Finally, today we have the latest article - and this is one that I had a hand - or rather, a voice - in. I meant to mention that I had been interviewed by a journalist from The Observer - other things intruded and pushed it from my mind - but today the article by Francesca Segal is published.

And when I tell you that the article is headed Who Said Romance Was Dead? you'll get a hint of the positive tone of this one. I knew that Francesca Segal had done her research on this as the interview was extensive and I asked her straight out if she had read any M&Bs - she had. I also know that she interviewed other M&B authors (so I was suprised to see that they weren't quoted) and a Senior Editor at HMB (ditto) - but as a result of that research she's written a balanced and informative article (and that's not just because she quotes me several times!). She does, unfortunately, mention that quote again (How I wish that dear Violet who never had sex with any man in her life had kept her mouth shut!) and she implies a control by M&B that denies the authors their creative value and freedom and really just does not exist. Certainly, I've never encountered it.

Such a comment denies the fact that the authors who write for M&B do so because they love the books, they love to read them as well as write them, and they write to tap into the pleasure gained from the books by the numbers - the huge numbers - of women who read and enjoy them, worldwide.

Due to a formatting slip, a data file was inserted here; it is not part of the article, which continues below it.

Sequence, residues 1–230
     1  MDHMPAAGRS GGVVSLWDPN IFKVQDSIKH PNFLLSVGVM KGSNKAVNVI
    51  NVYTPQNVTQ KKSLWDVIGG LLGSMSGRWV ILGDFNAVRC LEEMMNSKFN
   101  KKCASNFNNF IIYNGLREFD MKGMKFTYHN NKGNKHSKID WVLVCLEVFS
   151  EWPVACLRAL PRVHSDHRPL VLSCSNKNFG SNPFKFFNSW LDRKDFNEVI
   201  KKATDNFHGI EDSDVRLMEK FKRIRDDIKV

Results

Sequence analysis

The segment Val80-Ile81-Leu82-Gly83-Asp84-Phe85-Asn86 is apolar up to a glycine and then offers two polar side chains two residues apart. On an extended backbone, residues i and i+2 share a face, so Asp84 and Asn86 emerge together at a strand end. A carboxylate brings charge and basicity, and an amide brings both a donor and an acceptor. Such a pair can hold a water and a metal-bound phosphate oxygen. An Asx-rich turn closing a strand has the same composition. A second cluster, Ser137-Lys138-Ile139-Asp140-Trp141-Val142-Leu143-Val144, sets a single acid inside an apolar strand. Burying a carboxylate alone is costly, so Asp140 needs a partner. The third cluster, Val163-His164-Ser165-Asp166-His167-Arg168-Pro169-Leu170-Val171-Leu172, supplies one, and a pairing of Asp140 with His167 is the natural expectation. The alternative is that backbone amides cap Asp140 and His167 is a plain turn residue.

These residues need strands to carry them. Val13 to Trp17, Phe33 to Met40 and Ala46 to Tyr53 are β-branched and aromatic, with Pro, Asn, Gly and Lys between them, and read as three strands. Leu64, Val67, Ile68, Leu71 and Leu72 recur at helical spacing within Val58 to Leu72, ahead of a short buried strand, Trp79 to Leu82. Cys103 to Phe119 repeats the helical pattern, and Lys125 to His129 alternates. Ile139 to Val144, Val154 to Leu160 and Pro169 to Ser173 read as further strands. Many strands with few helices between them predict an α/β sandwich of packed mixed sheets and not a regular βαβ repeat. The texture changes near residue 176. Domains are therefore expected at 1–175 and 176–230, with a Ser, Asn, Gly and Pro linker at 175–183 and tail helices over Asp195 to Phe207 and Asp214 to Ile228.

juliemt said...

I've read all the articles except for the one in the Mail, and it was great to finally see some positive coverage of M&Bs! (Even though they did have that ghastly quote by Violet Winspear!)

Hope the BM gets better soon!

Trish Wylie said...


And I'd like to promote the idea that we're all beautiful at the keyboard but I'd be LYING... ;)

I'm SICK-TO-DEATH of that rape quote you know. But on the whole it is turning some isnt it?

Anne McAllister said...

Great article, Kate. Thanks for getting the whole thing and posting it. Take that, Martin!